By some the electric needle is used in one of two ways-either the entire lesion is removed by it, or numerous punctures are made into it, so that the body of the growth is destroyed. While this method will undoubtedly cure a number of cases of the early basal-celled neoplasms, it has never appealed to the author, because it affords no chance for histological examination of the growth, and because one cannot be certain that he has gone beyond the margins of the growth. It would seem to be applicable only in extremely old and decrepit persons who cannot stand a more severe operation. An ordinary sixteen-cell silver chloride battery can be used, connecting the negative pole to the needle. If the operator is willing to take time, there is no necessity of causing any pain to the patient, for just as good results can be obtained from the prolonged action of a mild current as from the rapid action of a strong one.
Of late years the so-called fulguration has come into some prominence, thanks largely to the work of de Keating-Hart. Both the method of application and the results vary to some extent with the skill of the operator. Bainbridge* has recently written a concise review of the subject, and the following is derived largely from his paper.
The method known as altofrequent cytolosis, altofrequent scintillation, effleuvation, etc., was first employed by Riviere, of Paris, and was described by him in 1900. He advocated removing the tumor by surgical means and then applying high frequency sparks. A monopolar or bipolar current, with a short spark, of high frequency, high tension, and low amperage, is employed. Or a special apparatus using a monopolar current with a long spark may be used.
Oscillatory desiccation (Clark) consists in the production and sustaining of heat to cause the dehydration of the tissues treated. This is accomplished by a specialized, oscillatory high frequency current, delivered from a fine metal point and then through the air to the tissue.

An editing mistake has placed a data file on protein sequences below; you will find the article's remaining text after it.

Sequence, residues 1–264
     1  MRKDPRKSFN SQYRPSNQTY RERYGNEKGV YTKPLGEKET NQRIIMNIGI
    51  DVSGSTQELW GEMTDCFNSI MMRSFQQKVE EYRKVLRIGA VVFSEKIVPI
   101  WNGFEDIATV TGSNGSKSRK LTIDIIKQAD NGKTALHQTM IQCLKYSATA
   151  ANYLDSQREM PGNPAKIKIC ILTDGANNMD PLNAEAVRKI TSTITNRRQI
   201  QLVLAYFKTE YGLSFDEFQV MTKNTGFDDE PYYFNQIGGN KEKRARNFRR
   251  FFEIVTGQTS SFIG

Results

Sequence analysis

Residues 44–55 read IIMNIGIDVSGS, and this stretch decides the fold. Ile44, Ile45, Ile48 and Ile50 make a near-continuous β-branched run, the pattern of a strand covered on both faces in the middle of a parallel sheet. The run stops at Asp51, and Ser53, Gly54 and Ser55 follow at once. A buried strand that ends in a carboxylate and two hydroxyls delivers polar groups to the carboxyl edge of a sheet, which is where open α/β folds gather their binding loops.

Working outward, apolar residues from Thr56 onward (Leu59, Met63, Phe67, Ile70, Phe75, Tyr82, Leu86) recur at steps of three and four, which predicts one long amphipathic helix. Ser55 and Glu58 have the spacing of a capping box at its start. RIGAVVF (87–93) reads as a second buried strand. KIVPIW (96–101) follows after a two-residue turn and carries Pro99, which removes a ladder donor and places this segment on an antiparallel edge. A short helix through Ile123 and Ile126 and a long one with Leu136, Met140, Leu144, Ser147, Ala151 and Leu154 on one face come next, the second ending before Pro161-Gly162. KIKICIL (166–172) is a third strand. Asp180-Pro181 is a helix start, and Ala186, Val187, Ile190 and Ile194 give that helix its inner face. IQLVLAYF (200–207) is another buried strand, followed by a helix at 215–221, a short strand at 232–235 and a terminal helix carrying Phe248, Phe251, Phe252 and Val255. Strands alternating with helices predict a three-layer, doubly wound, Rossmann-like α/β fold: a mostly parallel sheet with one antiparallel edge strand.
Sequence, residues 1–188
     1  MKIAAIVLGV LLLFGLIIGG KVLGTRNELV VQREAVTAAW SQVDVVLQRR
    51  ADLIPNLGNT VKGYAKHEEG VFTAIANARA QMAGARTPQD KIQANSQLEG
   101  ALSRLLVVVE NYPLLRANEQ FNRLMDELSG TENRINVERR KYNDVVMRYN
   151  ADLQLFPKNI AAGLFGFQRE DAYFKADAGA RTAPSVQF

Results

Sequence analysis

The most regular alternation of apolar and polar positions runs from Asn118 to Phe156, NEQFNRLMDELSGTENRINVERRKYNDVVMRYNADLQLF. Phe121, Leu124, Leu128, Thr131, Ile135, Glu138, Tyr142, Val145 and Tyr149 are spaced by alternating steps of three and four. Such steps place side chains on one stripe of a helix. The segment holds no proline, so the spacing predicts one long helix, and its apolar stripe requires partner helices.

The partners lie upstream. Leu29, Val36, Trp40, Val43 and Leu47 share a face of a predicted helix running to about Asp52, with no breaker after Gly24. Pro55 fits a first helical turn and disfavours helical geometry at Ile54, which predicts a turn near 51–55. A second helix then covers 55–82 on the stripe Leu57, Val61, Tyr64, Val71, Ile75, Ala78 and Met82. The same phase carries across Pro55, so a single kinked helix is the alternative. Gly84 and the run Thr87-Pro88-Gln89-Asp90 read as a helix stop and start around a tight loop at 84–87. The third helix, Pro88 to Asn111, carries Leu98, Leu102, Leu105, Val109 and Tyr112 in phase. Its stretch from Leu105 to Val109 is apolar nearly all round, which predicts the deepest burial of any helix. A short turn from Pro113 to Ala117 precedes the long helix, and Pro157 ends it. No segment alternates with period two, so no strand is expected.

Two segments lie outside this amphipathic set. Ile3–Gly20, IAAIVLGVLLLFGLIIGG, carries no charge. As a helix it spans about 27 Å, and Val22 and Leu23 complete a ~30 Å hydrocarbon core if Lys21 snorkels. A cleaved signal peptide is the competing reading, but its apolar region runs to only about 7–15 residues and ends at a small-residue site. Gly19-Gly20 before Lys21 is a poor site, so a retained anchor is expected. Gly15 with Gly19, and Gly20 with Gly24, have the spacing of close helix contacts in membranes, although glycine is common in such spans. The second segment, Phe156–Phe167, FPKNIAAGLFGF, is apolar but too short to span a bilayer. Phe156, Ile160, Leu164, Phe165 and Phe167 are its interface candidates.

Thermopenetration was first described by de Arsonval in 1896. It depends on the power of the high frequency current to cause a decided rise in temperature in tissues interposed between two electrodes. De Keating-Hart has used this method to render the tissues more radiosensitive, and by Nagelschmidt and Doyen for the destruction of neoplasms.
*Bainbridge: Internat. Clinics, 23d ser., iii, 268.
Diathermy or transthermy was experimented with in 1907 by Nagelschmidt, of Berlin, von Brendt, Preeps, and Zeyneck, of Vienna, and de Kraft, of New York. The apparatus employed elevates the temperature of the deep tissues to any required extent, the tumor being destroyed by coagulation. The greater the amperage employed the greater the heating. The voltage employed is relatively low.
The term bipolar voltaization is applied by Doyen to the method in which the electrode of the apparatus is held away from the part under treatment, and the sparks allowed to play upon the area.
Fulguration (de Keating-Hart) is founded upon the premise that the monopolar long spark of high frequency and high tension acts not only upon the neoplasm, but upon the soil on which the neoplasm has developed.- De Keating-Hart claims that the use of the high frequency short spark at a low tension acts as a tissue stimulant, but that a spark of the minimum length of 8 cm. applied for a sufficiently long space of time transforms a healthy area into a torpid wound, which heals largely by the contraction of the surrounding healthy tissue. It is considered that the same process that prevents the reformation of healthy epidermis after fulguration also retards or suppresses the growth of cancer cells.
As this method is the most important of the electrical ones before the medical profession today, it may be well to describe the apparatus used. The generating apparatus consists of a large coil and a rapid interrupter, which converts the street current of low voltage and high amperage into an interrupted current of high voltage and low amperage. The high frequency apparatus consists of an Oudin resonator, with spark gap and condensers of great capacity. The sterilizing and cooling apparatus comprises an air pump, driven by an electric motor, which forces air through an electric sterilizer, and the air is finally delivered at the electrode cool and sterile. The electrode consists of a metal mandril within a rubber tube.
The first step in the operation is purely surgical, consisting of the removal of the diseased tissue as completely as possible, then the spark is used for a long time, using sparks of high frequency and # high tension, and applying them to the entire wound. The electrode should be kept in steady motion, and no carbonization of tissue should result. "Ten minutes of fulguration should be used on an area of ten square centimeters".
Bainbridge wisely concludes his article by stating that, although at the present time the results seem good, still it is too early to draw any too optimistic conclusions, a statement with which all fair-minded men must agree.